“We had something we could offer women with cancer,” Hitchcock says, “but in the hairdressing industry as a whole, there was nothing like that in place. There were no nonprofits that support hairdressers to be of service to their own clients when they experience hair loss due to cancer. There was no platform. We knew that hairdressers were dealing with it in their own way, but like us, they were making it up as they went along.”

Thus inspired, Hitchcock and Husen mapped out a very concrete outline, addressing the issues of boundaries and confidentiality, the process of conducting the initial head-shaving and the process of fitting that client with a wig.

“But the biggest part of Hairdressers with Heart,” Hitchcock says, “in terms of the value this work has to the person going through cancer, is afterwards. My sister, unfortunately, did not get to experience this, because she ended up passing away. But once treatment is over and hair starts growing in again, many women discover that that’s just as traumatic. Everyone has experienced a bad hair day. It can be a tremendous nuisance to grow hair back in again once it’s fallen out. It’s a constant bad hair day for months. Women often just don’t know what to do, or how to handle [it], and they worry that, after surviving this terrible disease, they might never feel beautiful again.”

Hairdressers with Heart, now with thousands of “Style Heroes” helping women all across the U.S., uses a very carefully thought-out program in which volunteers sign up to become “sisters” to women in need of a little beauty therapy and friendly support.

“Our ‘Style Heroes’ are hairdressers who choose, not just to give free services to their own existing clients,” Hitchcock says, “but to individuals in need right there in their community. After they’ve completed chemo and their hair comes back, the women come in once a month. It’s a little bit of haircutting, and a lot of emotional support. Women have a lot of questions, from what hair products are most appropriate to use post-chemo to what is the normal progress of hair growing back in. Our ‘Style Heroes’ are trained in how to answer all of those questions.”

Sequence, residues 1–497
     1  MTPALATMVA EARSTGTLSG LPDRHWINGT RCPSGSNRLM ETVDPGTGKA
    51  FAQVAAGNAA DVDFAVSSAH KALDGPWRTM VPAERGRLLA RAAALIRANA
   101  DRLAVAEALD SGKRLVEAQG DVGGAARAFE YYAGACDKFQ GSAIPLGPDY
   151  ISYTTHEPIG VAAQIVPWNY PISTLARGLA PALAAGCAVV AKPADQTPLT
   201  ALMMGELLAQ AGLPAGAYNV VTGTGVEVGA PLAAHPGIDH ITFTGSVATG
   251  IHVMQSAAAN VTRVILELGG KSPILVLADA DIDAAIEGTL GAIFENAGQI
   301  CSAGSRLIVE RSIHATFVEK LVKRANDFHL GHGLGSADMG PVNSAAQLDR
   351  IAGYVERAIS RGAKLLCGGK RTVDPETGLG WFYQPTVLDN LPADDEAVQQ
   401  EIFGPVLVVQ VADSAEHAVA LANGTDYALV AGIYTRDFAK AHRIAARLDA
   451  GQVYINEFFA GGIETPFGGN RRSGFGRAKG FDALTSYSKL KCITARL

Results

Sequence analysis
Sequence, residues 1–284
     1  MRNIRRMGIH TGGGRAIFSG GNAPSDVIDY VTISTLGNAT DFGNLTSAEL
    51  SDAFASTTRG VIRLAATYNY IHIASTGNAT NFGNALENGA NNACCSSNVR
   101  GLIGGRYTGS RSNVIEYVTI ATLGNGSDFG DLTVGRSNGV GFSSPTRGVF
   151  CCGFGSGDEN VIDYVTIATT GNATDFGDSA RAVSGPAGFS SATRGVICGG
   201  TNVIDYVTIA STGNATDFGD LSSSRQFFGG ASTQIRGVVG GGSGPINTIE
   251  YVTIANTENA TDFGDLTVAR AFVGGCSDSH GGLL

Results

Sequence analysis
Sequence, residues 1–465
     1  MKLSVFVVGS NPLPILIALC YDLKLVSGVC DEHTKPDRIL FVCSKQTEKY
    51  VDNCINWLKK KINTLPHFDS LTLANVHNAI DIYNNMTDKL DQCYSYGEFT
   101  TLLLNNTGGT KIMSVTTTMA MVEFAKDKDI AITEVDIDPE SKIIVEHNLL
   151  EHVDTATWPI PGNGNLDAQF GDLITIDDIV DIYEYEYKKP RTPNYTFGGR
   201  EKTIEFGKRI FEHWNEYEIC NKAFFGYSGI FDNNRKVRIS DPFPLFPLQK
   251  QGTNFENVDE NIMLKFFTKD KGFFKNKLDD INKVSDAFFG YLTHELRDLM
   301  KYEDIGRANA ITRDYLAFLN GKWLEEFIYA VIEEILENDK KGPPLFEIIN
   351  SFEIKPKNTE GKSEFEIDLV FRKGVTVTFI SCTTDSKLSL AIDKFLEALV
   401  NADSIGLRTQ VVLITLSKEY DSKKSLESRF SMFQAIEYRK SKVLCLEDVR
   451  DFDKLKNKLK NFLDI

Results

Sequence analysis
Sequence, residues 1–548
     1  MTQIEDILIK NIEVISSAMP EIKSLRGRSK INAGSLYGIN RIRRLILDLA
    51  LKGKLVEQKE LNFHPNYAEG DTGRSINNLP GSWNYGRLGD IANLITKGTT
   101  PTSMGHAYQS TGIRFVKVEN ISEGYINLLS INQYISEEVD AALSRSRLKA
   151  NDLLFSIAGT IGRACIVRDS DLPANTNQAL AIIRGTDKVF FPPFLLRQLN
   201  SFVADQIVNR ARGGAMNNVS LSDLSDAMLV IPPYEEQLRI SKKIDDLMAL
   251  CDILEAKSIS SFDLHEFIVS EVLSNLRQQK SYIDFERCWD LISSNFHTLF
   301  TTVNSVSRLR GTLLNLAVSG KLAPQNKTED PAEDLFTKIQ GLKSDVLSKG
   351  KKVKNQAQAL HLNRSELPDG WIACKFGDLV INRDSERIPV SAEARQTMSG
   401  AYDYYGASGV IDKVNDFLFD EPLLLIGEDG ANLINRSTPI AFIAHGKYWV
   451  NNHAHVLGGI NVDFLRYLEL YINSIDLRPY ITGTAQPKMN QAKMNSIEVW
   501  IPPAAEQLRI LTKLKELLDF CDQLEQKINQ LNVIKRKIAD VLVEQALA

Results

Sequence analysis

That support is given for one year post-chemotherapy.

“It’s very rewarding,” Hitchcock says, “to watch someone who’s been touched by cancer as they go through this process. As the co-founder of this program, it’s incredible to realize how many women Hairdressers with Heart have helped over the years.”

Acknowledging that this life-changing nonprofit was born out of a remarkable loss, Hitchcock says she knows that Brandy, had she survived, would have been an enthusiastic “Style Hero” herself.

“She’d have loved this work,” Hitchcock says. “We all love this work. It’s the least we can do.”

For information on Hairdressers with Heart, including how to refer a program recipient and how to become a “Style Hero,” visit hairdresserswithheart.org.

Pacific Sun
The Pacific Sun publishes every Wednesday, delivering 21,000 copies to 520 locations throughout Marin County.